Upon his visit to Laos in November 2017, Xi Jinping wrote in an open letter, published in English and Lao in Laotian mainstream media, that “there is a high degree of complementarity between China’s Belt and Road Initiative (BRI) and the strategy of Laos to transform itself from a landlocked to a land-linked country.”
He further described the China-Laos Railway, the flagship of the BRI in Laos, as "(t)he transportation artillery that will drive the development of Laos (and that) is a dream coming true.”
These lines point to two central features of China’s BRI. One is its embracing of the “Chinese Dream”, already extended as China’s “Asia-Pacific Dream”; the second is, more importantly, its discursive power of scripting China’s geopolitical and economic interests in the rhetoric of its partners’ national development strategies.
As the land-linked strategy has been already advertised by the Laotian government for more than two decades, the BRI in Laos is, rather than breaking new ground, an intensified and accelerated continuation of already existing development strategies and policies.
Consequently, BRI’s flagship project, estimated at US$5.95 billion, of linking up Laos’ capital Vientiane with Kunming in China’s southwestern Yunnan province by rail, builds on long-established plans of integrating the region by multilateral actors.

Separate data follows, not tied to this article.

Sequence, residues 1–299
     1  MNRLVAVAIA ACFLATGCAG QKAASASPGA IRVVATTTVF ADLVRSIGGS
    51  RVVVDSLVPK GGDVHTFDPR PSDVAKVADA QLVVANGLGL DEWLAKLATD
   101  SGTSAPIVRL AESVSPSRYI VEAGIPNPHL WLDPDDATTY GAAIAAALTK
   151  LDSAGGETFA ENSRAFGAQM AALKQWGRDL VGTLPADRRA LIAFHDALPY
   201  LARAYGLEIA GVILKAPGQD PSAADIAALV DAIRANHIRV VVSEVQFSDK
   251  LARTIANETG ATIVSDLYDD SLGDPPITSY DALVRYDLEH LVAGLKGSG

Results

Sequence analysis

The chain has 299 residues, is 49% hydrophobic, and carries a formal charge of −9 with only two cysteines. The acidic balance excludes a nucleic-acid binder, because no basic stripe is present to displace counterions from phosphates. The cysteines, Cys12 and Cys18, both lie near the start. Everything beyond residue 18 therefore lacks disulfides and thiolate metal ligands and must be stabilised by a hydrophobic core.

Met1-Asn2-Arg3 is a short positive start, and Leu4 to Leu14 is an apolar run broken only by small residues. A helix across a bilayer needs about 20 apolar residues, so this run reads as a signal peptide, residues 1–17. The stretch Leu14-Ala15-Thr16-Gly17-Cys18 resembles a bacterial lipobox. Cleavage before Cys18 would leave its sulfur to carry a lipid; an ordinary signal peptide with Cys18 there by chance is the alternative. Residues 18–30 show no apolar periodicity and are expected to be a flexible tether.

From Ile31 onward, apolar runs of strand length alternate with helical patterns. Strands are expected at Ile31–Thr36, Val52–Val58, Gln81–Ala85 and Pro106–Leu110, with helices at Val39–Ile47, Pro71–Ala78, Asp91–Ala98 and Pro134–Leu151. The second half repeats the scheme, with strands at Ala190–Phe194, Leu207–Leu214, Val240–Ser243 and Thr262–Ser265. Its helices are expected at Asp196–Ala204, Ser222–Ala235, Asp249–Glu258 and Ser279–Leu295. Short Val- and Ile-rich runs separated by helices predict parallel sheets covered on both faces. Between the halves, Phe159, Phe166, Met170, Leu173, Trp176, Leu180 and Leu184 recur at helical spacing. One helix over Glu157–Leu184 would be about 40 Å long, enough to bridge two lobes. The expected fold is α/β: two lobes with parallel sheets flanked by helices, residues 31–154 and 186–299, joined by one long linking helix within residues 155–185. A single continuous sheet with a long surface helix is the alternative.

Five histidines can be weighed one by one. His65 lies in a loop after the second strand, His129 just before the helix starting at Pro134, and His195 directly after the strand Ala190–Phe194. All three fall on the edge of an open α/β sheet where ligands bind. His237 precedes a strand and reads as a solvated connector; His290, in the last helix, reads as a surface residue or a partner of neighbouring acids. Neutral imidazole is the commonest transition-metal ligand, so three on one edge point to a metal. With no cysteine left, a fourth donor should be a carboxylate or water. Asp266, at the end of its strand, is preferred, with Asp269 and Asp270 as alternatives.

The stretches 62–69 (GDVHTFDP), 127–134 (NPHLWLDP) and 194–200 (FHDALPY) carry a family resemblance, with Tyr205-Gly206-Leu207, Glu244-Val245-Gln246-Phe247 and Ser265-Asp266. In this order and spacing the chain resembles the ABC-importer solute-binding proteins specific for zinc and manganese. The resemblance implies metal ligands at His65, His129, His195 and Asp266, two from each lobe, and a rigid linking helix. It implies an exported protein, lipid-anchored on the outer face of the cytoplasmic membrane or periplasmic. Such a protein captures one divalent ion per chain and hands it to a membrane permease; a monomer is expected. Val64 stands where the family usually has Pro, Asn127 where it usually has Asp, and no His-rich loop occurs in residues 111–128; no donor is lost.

First proposed at the 5th ASEAN Summit in 1995, the overall Singapore-Kunming Railway Link, now better known as “Pan-Asia Railway Network”, has been subsequently taken up by the ASEAN-Mekong Basin Development Cooperation (AMBDC), the United Nations Economic and Social Commission for Asia and the Pacific (UNESCAP) and the Asia Development Bank (ADB). The latter once envisioned to connect all countries of the Greater Mekong Subregion (GMS) through a comprehensive rail network by 2020.
It is thus the lens of continuity through which we can best understand the unfolding of BRI’s infrastructural push in Laos (and elsewhere). Without doubt, carrying passengers and cargo at maximum speeds of 160 km/h and 120 km/h respectively through northern Laos (provinces of Luang Namtha, Oudomxay, Luang Prabang and Vientiane), the China-Laos Railway will significantly change the physical, economic and social landscape of a country that has never seen any substantive railway infrastructure in its history.
Rapidly progressing construction work testifies to this. Started in late 2016 and already displaying highly sophisticated engineering by drilling through massive mountain ranges and spanning valleys and rivers by majestic bridges, there is little doubt that the railway will be operational by the end of 2021.
However, zooming in on the northern province of Luang Namtha, for example, where I have been regularly conducting ethnographic work on small-scale traders for the last five years, this unprecedented railway project is embedded in a longer history of rapid regional economic opening-up through projects of cross-border infrastructural connectivity.
The province’s direct borders with China and Myanmar have been complemented by the “Kunming-Bangkok Highway”, financed by Thailand, China and the ADB and officially opened in 2008. It significantly improved overland access to Thailand through its neighbouring Bokeo province, cutting the journey time between the markets of China and Thailand to only three hours—compared to several days in the past.